It makes me wonder what you could learn by studying donor offspring. There are quite a few very large sperm donor families out there — with hundreds of offspring all conceived from the same man's sperm, but conceived with different mothers and raised in all sorts of different circumstances.
That would be like an adoption study involving half-siblings adopted apart. But it would be better because, as you say, instead of having two or three half-siblings, there could be dozens of half-siblings from the same father and reared in different families. Although half-siblings are only 25 percent similar genetically, with a large sample this would be a useful design. Collecting extensive data on them would be key, but with online testing, that wouldn't need to be expensive.
Given what you know, if you were looking for a sperm or egg donor right now, what information about that donor would you want?
It's a great question. Most of the people who are doing assisted reproduction are probably university educated, well-to-do people.
That's not always the case.
Well, for university-educated parents, without a doubt, the number one characteristic, once you exclude medical genetic diseases and that sort of thing, is intelligence. General learning ability. Intelligence is highly heritable.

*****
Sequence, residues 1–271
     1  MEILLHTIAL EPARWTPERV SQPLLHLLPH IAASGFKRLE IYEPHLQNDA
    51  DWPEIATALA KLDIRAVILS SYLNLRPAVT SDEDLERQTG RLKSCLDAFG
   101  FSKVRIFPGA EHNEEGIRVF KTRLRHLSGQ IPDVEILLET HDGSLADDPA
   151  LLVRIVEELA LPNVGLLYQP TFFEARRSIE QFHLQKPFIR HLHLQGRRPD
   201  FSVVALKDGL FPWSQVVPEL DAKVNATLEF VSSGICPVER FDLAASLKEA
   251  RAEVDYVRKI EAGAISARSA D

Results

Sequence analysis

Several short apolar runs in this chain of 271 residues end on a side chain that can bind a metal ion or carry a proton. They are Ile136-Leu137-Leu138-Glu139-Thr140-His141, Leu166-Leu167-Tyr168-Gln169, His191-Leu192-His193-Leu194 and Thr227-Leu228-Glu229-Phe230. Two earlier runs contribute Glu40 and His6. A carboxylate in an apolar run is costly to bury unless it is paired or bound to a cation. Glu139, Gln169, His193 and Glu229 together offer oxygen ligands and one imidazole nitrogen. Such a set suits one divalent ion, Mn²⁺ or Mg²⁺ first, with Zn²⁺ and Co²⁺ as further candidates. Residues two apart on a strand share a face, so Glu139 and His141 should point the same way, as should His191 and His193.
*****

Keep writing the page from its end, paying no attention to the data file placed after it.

How would you look for indicators of intelligence in a donor profile?
Well, years of education is a very coarse indicator, but it correlates very highly with intelligence. Love of reading. Verbal ability.
There have been several documentaries where mothers were interviewed about how they were selecting sperm donors. They read these essays and they were reading them for how educated they are, how verbal they are. You could probably estimate their intelligence.
I'm not sure that's always what they're looking for when they are reading those. I think many people are looking for some indication of what he's like as a person.
Whether people know it or not, intelligence is a big factor in choosing your spouse — which I think would mean it would be a big factor when you're choosing your offspring.
Do you see a future where people will just ignore the profile and go straight to the DNA, to see what genetic traits a donor will be contributing?